Perez’s best football came at Benfica and he was named as the Primeira Liga Player of the Year after helping the Portuguese side to the title in 2013/14. He has also won the Copa Libertadores with two clubs, first with Estudiantes in 2009 before a second triumph at current club River Plate in 2018.
Left-wing: Ezequiel Lavezzi
Lavezzi came to prominence when he formed part of a brilliant forward line at Napoli, starring alongside Edinson Cavani and Marek Hamsik in Naples.
After five seasons he joined Paris Saint-Germain, where he won four league titles after becoming one of the first marquee additions of the club’s billionaire backed regime.
Lavezzi was a regular with Argentina and scored twice as the national side won the Olympics in 2008. He failed to replicate that success with the senior team however, losing in the World Cup final and twice in the Copa America decider.
The winger was a constant threat against Germany but was replaced at half-time in the final, with Sergio Aguero on as his replacement.
Forward: Lionel Messi
Lionel Messi was the marquee name in Argentina’s side and came agonisingly close to winning a first major honour with the national team.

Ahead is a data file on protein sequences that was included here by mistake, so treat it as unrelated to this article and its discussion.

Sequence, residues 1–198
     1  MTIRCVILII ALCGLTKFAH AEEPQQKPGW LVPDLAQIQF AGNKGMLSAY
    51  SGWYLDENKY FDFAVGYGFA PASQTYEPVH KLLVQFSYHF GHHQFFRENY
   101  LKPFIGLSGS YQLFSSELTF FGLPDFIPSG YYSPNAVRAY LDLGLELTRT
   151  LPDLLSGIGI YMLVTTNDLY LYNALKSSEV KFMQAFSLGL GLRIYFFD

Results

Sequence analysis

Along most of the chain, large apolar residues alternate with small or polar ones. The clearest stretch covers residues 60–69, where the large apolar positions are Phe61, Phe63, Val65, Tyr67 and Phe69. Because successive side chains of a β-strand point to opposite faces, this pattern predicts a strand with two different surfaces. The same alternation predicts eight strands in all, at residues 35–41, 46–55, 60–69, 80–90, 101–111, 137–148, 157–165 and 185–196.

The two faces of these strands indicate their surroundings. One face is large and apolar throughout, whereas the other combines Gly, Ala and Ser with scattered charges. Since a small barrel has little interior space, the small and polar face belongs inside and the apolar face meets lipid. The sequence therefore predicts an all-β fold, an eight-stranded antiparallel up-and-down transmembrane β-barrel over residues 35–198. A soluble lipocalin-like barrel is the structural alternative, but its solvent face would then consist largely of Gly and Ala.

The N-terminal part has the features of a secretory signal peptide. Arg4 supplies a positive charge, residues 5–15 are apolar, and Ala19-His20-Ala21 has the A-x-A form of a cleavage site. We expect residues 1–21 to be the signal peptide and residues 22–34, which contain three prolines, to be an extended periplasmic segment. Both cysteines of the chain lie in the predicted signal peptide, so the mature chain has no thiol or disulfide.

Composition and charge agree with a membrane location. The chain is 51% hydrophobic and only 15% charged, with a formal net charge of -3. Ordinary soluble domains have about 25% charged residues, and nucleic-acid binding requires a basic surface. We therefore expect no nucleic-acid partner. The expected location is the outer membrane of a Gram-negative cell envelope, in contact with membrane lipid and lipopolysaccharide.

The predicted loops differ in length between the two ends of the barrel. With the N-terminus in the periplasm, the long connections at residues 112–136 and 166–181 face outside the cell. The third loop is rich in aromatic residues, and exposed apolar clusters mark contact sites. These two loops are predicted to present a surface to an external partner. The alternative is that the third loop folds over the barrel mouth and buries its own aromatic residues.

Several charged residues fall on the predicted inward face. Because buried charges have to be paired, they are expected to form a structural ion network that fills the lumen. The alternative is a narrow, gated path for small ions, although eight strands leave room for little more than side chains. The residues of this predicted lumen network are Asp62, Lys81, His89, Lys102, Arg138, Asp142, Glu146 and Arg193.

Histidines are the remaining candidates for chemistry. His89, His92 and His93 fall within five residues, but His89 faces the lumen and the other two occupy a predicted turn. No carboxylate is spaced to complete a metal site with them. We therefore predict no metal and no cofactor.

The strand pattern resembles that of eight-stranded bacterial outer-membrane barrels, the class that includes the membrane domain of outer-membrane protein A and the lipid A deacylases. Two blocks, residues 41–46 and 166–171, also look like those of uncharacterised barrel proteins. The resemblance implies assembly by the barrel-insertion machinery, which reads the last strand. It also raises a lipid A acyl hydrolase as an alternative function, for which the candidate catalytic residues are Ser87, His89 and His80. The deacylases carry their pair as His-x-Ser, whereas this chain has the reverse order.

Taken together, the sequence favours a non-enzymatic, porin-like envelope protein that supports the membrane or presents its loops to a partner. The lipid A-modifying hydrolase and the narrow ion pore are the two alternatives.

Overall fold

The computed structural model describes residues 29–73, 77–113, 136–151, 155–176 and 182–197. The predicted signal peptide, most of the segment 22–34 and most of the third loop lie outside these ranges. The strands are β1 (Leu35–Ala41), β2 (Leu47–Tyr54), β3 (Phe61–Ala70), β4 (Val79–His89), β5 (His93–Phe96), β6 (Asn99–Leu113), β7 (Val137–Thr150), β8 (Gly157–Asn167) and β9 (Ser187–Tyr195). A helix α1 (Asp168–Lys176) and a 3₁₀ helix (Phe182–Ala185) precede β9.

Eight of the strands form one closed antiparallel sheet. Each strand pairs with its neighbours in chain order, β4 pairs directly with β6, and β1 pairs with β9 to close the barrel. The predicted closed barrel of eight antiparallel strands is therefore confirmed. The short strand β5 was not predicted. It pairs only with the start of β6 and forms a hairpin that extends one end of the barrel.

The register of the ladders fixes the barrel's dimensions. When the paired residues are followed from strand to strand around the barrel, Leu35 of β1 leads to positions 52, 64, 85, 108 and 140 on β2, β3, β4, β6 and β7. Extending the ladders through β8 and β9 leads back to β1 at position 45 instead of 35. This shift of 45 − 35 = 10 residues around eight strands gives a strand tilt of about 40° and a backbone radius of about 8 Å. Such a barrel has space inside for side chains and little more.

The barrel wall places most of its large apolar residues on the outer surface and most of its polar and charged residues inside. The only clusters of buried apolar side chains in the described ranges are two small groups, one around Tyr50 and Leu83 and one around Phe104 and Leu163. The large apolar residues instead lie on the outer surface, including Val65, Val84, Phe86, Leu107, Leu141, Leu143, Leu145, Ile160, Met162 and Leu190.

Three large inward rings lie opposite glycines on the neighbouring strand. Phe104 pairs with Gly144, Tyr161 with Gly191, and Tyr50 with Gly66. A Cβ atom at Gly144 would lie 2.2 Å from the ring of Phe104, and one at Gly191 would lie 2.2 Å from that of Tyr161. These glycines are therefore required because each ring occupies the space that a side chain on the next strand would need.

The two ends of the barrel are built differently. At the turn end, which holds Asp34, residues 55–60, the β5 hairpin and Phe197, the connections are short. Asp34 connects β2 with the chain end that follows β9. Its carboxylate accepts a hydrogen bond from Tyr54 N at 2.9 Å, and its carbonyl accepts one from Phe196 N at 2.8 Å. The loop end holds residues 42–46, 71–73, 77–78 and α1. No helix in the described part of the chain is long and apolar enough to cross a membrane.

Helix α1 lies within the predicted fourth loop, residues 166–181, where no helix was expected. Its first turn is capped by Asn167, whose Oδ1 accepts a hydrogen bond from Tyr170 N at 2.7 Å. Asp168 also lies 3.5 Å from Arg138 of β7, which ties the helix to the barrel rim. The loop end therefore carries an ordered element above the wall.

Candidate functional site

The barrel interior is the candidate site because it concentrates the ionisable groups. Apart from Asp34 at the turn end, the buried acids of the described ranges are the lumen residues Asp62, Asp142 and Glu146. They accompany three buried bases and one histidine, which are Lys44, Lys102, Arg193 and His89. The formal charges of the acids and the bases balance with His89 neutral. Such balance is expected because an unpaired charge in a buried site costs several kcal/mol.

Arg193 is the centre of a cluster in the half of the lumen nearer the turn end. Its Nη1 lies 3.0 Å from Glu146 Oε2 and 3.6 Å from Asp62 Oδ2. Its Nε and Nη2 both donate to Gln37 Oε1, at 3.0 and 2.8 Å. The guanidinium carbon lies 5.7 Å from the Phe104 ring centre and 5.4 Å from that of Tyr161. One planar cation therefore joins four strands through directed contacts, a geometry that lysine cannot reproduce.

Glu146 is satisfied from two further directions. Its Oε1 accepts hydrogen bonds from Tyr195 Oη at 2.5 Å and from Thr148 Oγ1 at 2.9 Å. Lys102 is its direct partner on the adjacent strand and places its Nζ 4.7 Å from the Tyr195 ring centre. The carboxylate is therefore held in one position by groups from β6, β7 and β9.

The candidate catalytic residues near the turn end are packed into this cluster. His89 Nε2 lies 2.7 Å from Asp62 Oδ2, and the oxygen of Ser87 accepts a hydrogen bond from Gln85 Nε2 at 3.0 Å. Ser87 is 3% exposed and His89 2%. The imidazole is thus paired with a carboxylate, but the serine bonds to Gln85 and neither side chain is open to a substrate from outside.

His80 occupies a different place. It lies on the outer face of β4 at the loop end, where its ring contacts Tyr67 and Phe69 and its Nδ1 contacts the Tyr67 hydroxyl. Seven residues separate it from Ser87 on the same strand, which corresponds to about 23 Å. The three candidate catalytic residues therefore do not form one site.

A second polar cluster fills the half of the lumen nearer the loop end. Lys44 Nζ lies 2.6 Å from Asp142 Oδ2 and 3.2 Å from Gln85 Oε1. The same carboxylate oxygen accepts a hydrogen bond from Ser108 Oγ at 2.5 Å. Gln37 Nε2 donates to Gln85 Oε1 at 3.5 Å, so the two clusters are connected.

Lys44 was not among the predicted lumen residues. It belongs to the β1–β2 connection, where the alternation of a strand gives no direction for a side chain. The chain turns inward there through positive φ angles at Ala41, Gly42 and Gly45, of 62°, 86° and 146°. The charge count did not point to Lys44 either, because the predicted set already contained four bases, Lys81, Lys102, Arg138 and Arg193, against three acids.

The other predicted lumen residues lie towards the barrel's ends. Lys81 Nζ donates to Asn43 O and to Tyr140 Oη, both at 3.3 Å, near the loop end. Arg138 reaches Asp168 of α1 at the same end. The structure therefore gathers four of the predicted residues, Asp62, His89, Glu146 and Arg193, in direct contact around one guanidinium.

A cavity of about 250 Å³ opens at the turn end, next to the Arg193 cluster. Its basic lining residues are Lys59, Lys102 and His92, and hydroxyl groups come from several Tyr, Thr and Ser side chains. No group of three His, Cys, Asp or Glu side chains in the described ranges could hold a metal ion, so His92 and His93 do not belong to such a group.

Messi had starred during the group stage with four goals, including a stunning late winner against Iran. He failed to score during the knockout rounds, but was an important part of Argentina’s run to the final.
▶️ Now playing: Messi magic – World Cup edition 😎#ITVFootball | @FIFAWorldCup pic.twitter.com/YIRXpG5pUF
— ITV Football (@itvfootball) November 16, 2022
Despite defeat, he was named as winner of the Golden Ball at the end of the tournament, but had to wait until 2021 to taste his first success with Argentina. Messi captained Argentina to Copa America success, ending a 28-year wait for a major trophy. It has been an arduous route for the seven-time Ballon d’Or winner, who had suffered four previous final defeats.
He is now Argentina’s all-time record goalscorer and appearance maker, having scored 91 goals in 165 caps. He and Argentina are primed for a genuine challenge in Qatar.
Forward: Gonzalo Higuain
Gonzalo Higuain was chosen at centre-forward ahead of Argentina’s embarrassment of riches, with Sergio Aguero and Rodrigo Palacio left on the bench.
Higuain scored prolifically during a long career in European football, netting 278 goals across spells with Real Madrid, Napoli and Juventus.
He netted 31 goals in 75 games for Argentina at international level, but endured a performance to forget in the final. Higuain wasted a glorious early chance after a mistake from Toni Kroos and saw a goal disallowed for offside as he failed to time his run. He was substituted for Palacio after 78 minutes.
Read – Eight World Cup veterans hoping for success in Qatar
Read Also – Remembering the last five winners of the World Cup Golden Boot